I’m struggling. It’s hard to tell you how I feel, because the thoughts in my head tell me not to talk to you anymore, let alone trust you with the hard things.

This isn’t new. It has been going on for a while. The thoughts tell me that you don’t really care, that I should protect you from my sadness, or that I am a waste of your time. And it’s not you, so don’t take it personally. The thoughts just don’t want me to get better. You’re helping me get better, so the thoughts are trying to convince me to cut you off.

So, on those days when I seem a little distant, it’s not you, it’s me. It just means that I’m struggling to fight the thoughts a little more than usual. Please don’t take it personally, and please understand that I am fighting really hard to not push you away. Please understand that I don’t want to do it, and it’s not intentional, and it’s not your fault. But, if you want to help me fight them so I’m not quite so distant, give a little reminder that you care and that I am not a nuisance. It doesn’t have to be anything big – give me a hug or ask what’s going on or something like that.

Thanks guys for everything you do. The prayers and hugs and encouraging texts and everything… it means a lot. Love you all!

i just wanted to protect you

Something I really strive to do is protect other people from sadness and anxiety and other related things. When you think about it, it makes sense. I know what it’s like to be sad nearly all the time. I know what it’s like to be afraid of things I encounter on a daily basis. So it makes sense that I would want to protect others from these emotions. But this desire to protect others is draining me. It causes a lot of problems in friendships and dealing with that drains me. A lot.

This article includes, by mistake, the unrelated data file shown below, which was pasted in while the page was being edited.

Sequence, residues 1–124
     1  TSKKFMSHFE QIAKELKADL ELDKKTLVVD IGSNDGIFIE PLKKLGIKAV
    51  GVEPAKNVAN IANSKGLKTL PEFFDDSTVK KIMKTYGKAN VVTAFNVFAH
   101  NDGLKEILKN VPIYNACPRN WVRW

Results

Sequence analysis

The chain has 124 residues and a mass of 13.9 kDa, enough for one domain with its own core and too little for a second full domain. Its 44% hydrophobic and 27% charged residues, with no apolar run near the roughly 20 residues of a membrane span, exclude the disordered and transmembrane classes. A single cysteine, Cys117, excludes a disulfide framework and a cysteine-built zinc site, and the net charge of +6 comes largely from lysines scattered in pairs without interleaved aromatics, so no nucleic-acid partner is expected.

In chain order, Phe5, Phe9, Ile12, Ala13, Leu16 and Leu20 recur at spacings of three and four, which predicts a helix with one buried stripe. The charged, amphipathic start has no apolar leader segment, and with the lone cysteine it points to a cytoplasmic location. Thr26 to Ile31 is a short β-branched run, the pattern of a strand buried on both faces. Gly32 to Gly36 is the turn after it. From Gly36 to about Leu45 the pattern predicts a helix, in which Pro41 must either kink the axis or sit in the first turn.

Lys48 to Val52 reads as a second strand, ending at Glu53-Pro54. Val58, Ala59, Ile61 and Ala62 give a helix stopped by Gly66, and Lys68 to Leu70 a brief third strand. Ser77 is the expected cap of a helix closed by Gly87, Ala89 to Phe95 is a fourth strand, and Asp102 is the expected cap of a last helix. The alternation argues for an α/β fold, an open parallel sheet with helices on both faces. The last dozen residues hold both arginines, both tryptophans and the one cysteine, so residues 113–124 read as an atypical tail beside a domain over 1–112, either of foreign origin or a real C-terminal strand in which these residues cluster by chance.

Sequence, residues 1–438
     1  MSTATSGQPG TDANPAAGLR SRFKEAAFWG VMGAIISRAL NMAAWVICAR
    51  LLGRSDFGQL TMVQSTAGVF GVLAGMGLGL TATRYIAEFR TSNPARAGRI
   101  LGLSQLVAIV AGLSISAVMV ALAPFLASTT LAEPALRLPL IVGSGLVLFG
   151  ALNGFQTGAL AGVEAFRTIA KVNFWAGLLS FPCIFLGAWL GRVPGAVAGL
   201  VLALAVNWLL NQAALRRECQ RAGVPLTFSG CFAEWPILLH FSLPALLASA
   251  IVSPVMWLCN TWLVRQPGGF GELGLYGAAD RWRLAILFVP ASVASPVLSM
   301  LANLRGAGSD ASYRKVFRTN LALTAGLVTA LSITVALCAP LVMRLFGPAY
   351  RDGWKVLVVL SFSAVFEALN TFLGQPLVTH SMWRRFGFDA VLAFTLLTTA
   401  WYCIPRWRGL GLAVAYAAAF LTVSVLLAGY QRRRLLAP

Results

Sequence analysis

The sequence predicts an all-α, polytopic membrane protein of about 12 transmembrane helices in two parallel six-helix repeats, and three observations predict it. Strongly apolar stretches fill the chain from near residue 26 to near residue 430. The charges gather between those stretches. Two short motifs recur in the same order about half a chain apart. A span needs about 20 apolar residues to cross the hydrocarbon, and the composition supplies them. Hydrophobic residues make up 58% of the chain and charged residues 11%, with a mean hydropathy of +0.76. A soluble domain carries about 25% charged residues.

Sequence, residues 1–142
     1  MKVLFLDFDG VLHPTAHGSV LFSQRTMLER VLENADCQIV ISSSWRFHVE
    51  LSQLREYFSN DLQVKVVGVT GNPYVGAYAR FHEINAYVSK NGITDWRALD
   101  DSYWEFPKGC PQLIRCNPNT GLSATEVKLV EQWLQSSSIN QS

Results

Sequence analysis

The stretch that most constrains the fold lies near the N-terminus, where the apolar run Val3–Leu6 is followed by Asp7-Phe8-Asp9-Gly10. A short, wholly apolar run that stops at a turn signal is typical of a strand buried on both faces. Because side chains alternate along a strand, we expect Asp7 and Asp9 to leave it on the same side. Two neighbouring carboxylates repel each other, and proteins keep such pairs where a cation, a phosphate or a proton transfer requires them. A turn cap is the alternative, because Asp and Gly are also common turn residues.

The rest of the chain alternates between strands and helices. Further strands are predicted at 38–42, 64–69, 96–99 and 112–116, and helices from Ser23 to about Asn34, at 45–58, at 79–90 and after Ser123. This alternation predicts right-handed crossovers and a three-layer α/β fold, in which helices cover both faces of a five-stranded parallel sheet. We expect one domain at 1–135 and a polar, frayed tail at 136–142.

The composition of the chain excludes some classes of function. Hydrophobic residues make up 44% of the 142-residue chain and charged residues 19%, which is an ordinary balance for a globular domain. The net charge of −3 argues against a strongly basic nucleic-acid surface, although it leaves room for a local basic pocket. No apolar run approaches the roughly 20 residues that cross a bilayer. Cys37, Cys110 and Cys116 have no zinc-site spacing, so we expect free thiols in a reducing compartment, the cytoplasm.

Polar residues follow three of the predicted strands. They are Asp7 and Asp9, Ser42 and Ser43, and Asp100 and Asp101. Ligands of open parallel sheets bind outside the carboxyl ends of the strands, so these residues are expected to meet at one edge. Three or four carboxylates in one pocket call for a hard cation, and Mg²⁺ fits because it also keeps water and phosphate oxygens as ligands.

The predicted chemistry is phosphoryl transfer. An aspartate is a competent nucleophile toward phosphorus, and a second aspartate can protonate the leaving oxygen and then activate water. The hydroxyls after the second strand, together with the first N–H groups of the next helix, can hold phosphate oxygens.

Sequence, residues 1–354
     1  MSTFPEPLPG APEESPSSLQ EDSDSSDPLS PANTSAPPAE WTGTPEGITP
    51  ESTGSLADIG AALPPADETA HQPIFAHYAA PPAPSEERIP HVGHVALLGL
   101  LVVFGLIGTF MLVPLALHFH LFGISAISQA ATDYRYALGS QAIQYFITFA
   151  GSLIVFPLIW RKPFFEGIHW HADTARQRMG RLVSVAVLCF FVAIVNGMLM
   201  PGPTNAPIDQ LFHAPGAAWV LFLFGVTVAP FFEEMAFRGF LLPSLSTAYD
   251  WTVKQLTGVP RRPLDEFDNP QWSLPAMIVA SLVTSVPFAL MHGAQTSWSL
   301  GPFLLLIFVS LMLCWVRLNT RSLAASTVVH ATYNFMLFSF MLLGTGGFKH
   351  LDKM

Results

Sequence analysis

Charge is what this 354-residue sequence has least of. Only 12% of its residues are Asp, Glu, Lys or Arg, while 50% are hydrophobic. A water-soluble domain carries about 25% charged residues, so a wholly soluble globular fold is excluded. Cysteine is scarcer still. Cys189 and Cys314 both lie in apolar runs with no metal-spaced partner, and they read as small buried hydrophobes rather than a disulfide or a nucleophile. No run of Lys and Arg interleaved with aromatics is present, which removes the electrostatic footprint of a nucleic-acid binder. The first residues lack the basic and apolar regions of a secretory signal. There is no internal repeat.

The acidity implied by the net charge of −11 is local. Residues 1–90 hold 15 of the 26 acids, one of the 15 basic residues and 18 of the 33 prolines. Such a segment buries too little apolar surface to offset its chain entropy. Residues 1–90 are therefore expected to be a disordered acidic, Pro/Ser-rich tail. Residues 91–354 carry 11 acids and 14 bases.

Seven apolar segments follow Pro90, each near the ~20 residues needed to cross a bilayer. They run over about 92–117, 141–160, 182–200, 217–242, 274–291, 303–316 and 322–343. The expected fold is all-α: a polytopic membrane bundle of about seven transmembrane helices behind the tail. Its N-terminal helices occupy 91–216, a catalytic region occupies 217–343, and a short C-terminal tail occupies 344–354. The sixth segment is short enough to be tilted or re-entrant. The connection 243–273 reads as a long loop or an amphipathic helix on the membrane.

Last night, I was in my friend’s dorm for about 7 hours. We ordered food and watched music videos and dance videos and other stuff on YouTube. I cried for the majority of that time. She asked what was wrong and I said I was fine. She asked again and I repeated my answer. I eventually told her a little bit, but I didn’t say everything. It got late, and it was time for me to go back to my own dorm.

I realized at the end of those 7 hours that I spent the entire time not telling her what was really going on. I realized that in general I had told her so many lies so she knew only about 3/4 of my anxiety symptoms and stuff. And while 3/4 is most of it, she is practically my older sister and should know pretty much all of it at this point.